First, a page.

With slightly more interior space at the back of the design of the Battletank’s hull compared to the Flotilla Leader, there was a little more interior space for men so as to be able to carry perhaps as many as 12 men to 15 men.
With more armor than the Mk I, more firepower, better automotive systems for providing traction, and with better obstacle crossing abilities, the Flotilla Leader was objectively better in almost every regard than the Mk I. With the modification of Summer 1916, the Battletank was better still. Notwithstanding the large and heavy front armored screen, which was arguably superfluous, the Battletank was objectively better than the Flotilla Leader.
The Battletank was therefore significantly better as a design on paper than the Mk I. It could carry a small storming party of soldiers, which the Mk I could not. Better protected than the Mk I, more mobile and better armed, this idea of a heavily armored tank would continue after the Battletank. The Mk I went into battle in September 1916 and, during this gap, the Battletank concept went even further and evolved into what became known as the Flying Elephant concept. As an evolutionary dead end, William Foster and Co. Ltd. had pursued this idea of a more and more heavily armored tank to its logical conclusion and the idea stalled. With early combat lessons coming in after September 1916, it was apparent that the existing levels of armor, whilst needing some improvement, were generally adequate.
Instead, a new type of tank would simply be better suited to a more mobile, smaller, and faster type of warfare. With work commencing on a new design in December 1916, this vehicle would become the Medium Mark A or ‘Whippet’ tank. Thus, the culmination of the Flotilla Leader and Battletank was not the Flying Elephant, but actually the Medium Mk. A Whippet. Smaller and faster tanks would be the order of the day and the twin-engine scheme proposed for the Battletank would find use in that tank.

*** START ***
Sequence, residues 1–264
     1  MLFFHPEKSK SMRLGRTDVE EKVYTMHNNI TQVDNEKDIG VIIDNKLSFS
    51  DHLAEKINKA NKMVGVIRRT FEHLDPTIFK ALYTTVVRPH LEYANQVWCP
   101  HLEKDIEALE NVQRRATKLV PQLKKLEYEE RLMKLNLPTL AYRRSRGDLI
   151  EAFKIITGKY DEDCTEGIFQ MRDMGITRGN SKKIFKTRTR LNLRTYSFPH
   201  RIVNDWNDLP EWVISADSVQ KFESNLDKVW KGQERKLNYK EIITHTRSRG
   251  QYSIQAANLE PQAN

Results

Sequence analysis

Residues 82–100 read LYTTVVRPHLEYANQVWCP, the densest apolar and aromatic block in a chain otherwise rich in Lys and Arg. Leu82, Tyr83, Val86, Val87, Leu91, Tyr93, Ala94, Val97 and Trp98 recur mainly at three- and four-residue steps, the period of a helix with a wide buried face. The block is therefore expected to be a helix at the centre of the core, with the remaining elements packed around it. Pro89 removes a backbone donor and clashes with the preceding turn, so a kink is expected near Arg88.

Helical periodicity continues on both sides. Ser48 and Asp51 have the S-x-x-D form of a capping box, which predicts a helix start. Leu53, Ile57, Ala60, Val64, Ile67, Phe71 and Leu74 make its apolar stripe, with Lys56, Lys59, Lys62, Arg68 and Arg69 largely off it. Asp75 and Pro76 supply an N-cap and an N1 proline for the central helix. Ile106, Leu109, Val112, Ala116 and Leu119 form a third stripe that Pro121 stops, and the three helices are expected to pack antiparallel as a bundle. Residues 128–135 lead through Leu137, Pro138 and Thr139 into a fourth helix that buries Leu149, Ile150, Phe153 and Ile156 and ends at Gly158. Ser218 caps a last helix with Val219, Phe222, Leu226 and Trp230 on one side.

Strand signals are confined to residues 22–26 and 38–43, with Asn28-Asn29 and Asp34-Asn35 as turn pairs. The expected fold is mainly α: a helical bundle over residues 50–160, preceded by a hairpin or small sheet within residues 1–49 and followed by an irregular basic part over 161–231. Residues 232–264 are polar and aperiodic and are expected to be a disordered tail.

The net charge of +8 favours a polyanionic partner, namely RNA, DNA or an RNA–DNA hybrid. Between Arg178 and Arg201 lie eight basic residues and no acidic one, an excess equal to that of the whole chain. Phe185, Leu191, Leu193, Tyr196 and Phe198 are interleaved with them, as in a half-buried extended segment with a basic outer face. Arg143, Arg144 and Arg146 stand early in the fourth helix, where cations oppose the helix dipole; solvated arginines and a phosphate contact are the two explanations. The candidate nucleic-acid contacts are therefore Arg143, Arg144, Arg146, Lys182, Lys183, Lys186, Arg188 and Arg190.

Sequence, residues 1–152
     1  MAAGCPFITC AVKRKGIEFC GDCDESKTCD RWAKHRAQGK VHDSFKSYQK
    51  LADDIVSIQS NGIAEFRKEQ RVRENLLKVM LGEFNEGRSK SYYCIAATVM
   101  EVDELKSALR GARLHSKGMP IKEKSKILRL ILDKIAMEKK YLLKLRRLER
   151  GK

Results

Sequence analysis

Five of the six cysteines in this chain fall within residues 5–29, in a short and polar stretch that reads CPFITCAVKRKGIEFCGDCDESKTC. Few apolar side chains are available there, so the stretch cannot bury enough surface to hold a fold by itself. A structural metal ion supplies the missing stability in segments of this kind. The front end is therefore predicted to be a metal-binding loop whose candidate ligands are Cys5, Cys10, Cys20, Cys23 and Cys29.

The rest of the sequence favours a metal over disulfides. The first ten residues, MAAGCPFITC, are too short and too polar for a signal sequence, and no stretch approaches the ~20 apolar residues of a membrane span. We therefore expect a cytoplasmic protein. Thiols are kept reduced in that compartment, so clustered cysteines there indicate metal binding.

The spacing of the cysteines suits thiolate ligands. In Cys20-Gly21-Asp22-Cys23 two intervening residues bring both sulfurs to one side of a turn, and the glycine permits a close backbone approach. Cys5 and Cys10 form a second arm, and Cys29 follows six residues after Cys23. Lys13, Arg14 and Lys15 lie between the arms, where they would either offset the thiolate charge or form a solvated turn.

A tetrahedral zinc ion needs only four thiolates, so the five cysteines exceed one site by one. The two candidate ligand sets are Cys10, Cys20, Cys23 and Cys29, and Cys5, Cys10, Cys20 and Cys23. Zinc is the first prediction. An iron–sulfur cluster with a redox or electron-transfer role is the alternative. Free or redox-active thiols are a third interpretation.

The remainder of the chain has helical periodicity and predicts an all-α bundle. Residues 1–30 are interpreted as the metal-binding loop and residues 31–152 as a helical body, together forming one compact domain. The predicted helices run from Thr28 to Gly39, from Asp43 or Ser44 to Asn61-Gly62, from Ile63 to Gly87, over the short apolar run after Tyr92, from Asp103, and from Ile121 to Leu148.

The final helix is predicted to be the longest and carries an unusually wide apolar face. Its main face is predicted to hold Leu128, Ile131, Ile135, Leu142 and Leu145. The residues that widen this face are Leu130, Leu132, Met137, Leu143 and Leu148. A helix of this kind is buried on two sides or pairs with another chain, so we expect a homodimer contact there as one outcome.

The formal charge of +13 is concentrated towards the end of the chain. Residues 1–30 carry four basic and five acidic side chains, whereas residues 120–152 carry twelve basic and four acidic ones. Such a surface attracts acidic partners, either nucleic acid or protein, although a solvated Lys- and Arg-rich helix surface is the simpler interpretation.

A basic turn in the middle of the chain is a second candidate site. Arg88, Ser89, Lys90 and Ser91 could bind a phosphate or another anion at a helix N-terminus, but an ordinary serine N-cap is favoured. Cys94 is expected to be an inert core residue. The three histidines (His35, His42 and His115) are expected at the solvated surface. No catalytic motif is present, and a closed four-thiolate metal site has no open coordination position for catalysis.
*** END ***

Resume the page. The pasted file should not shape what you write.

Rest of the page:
British Patent GB126070 Improvements in and relating to Transport Vehicles Propelled by an Endless Moving Chain Track or Tracks, filed 28th November 1916, granted 8th May 1919
Mechanical Warfare Department. (1925). ‘Tanks and Accessory Vehicles used in Great War’.
Hills, A. (2019). Col. R. E. B. Crompton. FWD Publishing, USA.
Comparison of Data from Flotilla Leader to Battletank
|Flotilla Leader||Foster’s Battletank|
|Date||April 1916||July 1916|
|Crew||11 crew + 8/10 men||9 crew + 12/15 men|
|Armament||2 short-barrelled 6 pdr
Up to 13 machine guns
|2 long barrelled 6 pdr
Up to 5 machine guns
|Engine||2 x 105 hp Daimler sleeve valve petrol|
|Tracks||Primary||2’ (0.6 m) wide / 26’ (7.9 m) long|
|Secondary||2’ (0.6 m wide) / 7’ 6” (2.3 m) long|
|Tertiary||3’ (0.9 m) wide /
5’ 6” (1.7 m) long
|Length||Hull||32’ 6” (9.8 m)|
|Overall||39’ 6” (12 m)||43’ (13.1 m)|
|Width||Hull Body||9’ (2.7 m)|
|Over Tracks||13’ (4.0 m)|
|Maximum||14’ (4.3 m) at casemate||13’ (4.0 m)|
|Height||Hull Body||7’ (2.1 m)||est. 7’ (2.1 m)|
|Overall||8’ 6” (2.6 m)||9’ (2.7 m)|
|Armor||Casemate Front||2” (50 mm)|
|Casemate Sides||2” (50 mm)|
|Hull Sides||Double skin
½” + ½” (12.7 + 12. 7 mm)
|Roof||½” (12.7 mm)|
|Over Tracks||Double skin
½” + ½” (12.7 + 12. 7 mm)
|Over Front||–||2” + 2” (50 mm + 50 mm)|
|For information about abbreviations check the Lexical Index|